The kneipe (restaurant) is not very easy to find. Take the metro until Magdalenenstraße. Now you are in Stasi zone, in the neigbourhood of Lichtenberg, near the museum dedicated to the well-known secret police. Our pub is ten minutes away, in the street parallel, to one side of the museum. Normannenstraße is small, nothing special, until you spot three red signs: Ost-Deustsche Küche ('East German Kitchen'), Restaurant Zur Firma der Konspirative Treff ('The Company restaurant to meet conspirers'), and the sad but famed Stasi slogan: Kommen Sie zu uns sonst kommen wir su Ihnen! ('Come to us otherwise we’ll come to you!').
Press and polemic
One warning before entering. The restaurant has been open since July, but the press have spoken about it more than enough. Websites like repubblica.it, spiegel.de, time.com, bild.de, tagesspiegel.de, welt.de, to cite just a few, have dedicated plenty of headlines to the new bar on the block. Amongst others, they speak of security cameras, DDR typewriters to edit the infamous Stasi reports, a joint-puffing mannequin in uniform and a discount card for Mitarbeiter (collaborators, aka regular clients). Another warning: expectations. Hang out in the German capital for a while and it won’t be long before you catch sight of the numerous themed pubs and restaurants. Add a sprinkle of media hype to this ingredient, shake it all up and you have me, standing by the entrance, feeling like I am about to enter a Hard Rock Café, modestly themed a la Stasi. What is this place that has garnered all this controversy? A report from Der Spiegel talks about how Siegfried Reiprich, head of educational projects for the museum of Stasi prisons ('Stasi Memorial Hohenschönhausen'), damned it as ‘insulting the victims’, denouncing the predominant ignorance of German youth.
Shelf of relics
Sitting on a balcony, I leave who I am behind. Time to go eastern. The sausage and potato salad that I order with my beer costs no more than four euros in total. Instead of a menu, there is a leaflet listing the dishes of the day. Eine konspirative Speisekarte! ('A secret menu!'), a customer exclaims beside me. One of the two owners, 50-year-old Wolfgang Schmelz, describes the restaurant as ‘a pub inspired by a specific theme.’ A good idea to help it emerge out of the competitive world of the other Berlin locals. The idea, he goes on, came to him when he was at the pub with friends, without having really thought too much about it. Once it was discovered that his colleague had perhaps collaborated with the Stasi, the latter resigned.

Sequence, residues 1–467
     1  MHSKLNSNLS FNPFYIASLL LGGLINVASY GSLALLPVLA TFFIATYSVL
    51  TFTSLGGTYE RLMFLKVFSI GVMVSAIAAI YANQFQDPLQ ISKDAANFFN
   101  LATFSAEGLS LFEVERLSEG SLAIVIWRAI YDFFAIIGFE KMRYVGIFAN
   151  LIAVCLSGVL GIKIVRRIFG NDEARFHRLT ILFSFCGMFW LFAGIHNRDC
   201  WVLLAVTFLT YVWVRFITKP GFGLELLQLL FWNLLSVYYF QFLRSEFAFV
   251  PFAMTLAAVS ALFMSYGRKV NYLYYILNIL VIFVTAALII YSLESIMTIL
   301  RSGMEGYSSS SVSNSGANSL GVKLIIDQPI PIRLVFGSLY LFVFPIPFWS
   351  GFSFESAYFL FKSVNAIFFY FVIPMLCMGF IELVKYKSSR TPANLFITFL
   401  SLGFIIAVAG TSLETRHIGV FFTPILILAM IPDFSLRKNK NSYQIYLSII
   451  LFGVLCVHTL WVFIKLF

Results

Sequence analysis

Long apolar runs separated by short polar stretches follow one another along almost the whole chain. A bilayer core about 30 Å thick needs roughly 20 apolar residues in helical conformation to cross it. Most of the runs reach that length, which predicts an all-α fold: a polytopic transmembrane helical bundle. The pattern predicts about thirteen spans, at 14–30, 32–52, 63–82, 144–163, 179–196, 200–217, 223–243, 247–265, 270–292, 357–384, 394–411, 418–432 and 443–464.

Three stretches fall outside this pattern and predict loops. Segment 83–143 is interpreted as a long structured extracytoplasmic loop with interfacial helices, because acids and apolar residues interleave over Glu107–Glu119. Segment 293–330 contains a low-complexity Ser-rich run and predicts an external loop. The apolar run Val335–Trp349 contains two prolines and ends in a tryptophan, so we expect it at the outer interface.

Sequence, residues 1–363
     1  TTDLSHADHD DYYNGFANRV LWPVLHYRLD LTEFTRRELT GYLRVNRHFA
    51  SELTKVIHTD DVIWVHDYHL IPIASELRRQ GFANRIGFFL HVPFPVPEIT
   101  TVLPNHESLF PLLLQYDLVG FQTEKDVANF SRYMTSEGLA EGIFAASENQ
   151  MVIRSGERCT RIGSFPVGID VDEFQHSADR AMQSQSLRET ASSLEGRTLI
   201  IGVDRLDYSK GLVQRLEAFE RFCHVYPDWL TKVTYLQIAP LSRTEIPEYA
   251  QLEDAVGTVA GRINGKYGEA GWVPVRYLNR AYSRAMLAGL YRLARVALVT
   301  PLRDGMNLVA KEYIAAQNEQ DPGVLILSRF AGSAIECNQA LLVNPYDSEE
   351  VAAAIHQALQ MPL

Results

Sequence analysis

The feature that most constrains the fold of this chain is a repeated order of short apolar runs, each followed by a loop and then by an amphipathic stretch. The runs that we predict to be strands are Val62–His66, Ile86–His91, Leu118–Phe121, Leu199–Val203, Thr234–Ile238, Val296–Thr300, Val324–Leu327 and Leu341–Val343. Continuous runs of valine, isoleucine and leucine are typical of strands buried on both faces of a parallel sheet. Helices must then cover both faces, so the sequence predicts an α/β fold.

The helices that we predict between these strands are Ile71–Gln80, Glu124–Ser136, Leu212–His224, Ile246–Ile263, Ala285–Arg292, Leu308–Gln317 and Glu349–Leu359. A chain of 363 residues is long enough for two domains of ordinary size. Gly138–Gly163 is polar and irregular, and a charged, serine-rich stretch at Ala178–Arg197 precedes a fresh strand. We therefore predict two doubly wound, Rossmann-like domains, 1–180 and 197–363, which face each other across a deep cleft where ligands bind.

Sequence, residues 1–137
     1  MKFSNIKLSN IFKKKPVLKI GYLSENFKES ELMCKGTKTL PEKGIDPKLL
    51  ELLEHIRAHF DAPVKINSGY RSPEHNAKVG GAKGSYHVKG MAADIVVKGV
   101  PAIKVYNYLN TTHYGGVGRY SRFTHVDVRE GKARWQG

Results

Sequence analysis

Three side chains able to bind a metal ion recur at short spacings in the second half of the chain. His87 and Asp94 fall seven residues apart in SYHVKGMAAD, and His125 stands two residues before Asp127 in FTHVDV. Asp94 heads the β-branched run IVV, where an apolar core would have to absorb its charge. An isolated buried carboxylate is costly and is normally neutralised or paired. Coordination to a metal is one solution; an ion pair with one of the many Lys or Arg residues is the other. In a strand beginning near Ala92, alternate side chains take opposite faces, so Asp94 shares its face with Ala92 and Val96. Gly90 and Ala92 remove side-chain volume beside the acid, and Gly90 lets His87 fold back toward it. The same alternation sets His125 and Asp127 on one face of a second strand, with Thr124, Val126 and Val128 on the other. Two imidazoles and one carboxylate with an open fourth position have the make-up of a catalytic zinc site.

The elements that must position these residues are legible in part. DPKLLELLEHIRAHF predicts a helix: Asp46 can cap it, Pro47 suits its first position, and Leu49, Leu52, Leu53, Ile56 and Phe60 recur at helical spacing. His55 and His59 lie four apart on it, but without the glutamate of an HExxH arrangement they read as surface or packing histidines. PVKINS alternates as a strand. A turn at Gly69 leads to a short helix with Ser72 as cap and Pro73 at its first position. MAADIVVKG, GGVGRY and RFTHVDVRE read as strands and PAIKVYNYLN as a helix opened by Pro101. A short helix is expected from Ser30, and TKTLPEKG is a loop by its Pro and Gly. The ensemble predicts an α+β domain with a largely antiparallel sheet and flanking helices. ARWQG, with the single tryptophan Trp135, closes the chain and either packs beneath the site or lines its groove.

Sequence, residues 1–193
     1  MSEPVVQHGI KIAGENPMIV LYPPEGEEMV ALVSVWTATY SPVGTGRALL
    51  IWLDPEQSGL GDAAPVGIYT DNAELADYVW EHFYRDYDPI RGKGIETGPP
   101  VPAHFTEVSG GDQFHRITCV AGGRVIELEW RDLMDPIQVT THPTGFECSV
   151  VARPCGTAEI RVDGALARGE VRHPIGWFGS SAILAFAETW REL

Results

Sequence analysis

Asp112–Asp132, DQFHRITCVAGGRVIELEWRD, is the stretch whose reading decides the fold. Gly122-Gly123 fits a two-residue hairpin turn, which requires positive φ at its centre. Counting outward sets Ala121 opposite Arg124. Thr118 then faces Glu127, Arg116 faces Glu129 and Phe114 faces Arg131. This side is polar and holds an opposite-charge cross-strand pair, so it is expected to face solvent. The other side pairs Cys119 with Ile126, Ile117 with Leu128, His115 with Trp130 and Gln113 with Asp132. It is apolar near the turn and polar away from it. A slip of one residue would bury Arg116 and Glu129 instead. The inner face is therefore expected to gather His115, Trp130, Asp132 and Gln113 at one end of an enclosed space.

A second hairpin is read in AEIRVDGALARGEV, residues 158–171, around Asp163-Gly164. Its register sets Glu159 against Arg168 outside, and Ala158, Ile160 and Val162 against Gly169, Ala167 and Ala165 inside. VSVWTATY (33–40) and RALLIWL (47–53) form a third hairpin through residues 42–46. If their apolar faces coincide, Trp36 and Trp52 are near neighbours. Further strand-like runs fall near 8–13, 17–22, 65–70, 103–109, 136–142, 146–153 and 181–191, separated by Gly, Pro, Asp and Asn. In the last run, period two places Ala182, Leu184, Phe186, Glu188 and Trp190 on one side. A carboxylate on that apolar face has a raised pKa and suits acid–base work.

The DDR ‘will go on forever’
Wolfgang shows me the newspaper articles which have discussed the restaurant, including an article from French daily Liberation. ‘I used to save them all at the beginning,’ he says, satisfied, ‘but now there are too many and they always talk about the same things. But it’s all in the name of publicity,’ he concludes. The bar is small, austere. Yellow walls, a red bar and black stools evoke the colours of the German flag. The relics almost disappear amidst the anonymity of the atmosphere. I ask where all these things were bought. ‘Almost all of them on ebay,’ Wolfgang replies. Many are modern trinkets. ‘The customers also bring stuff,’ he says, showing me a piece of furniture where you can find a bit of everything: old passports and ID cards, cameras, telephones, red plastic carnations, newspapers from the era and books, including a huge photograph album which commemorates thirty-five years of the DDR (east German republic), which according to the introduction, ‘will go on forever.’ The book was published in 1985.
So, is it a pub which could offend victims? It has cropped up now in the former Café Germania, where for many years, nostalgic skinheads would meet up. Today it’s a tourist spot and some kind of souvenir swapshop between the locals. Perhaps that’s where it’s ripe to talk about the Stasi, and as the furniture count keeps growing, the restaurant-bar will become more mainstream.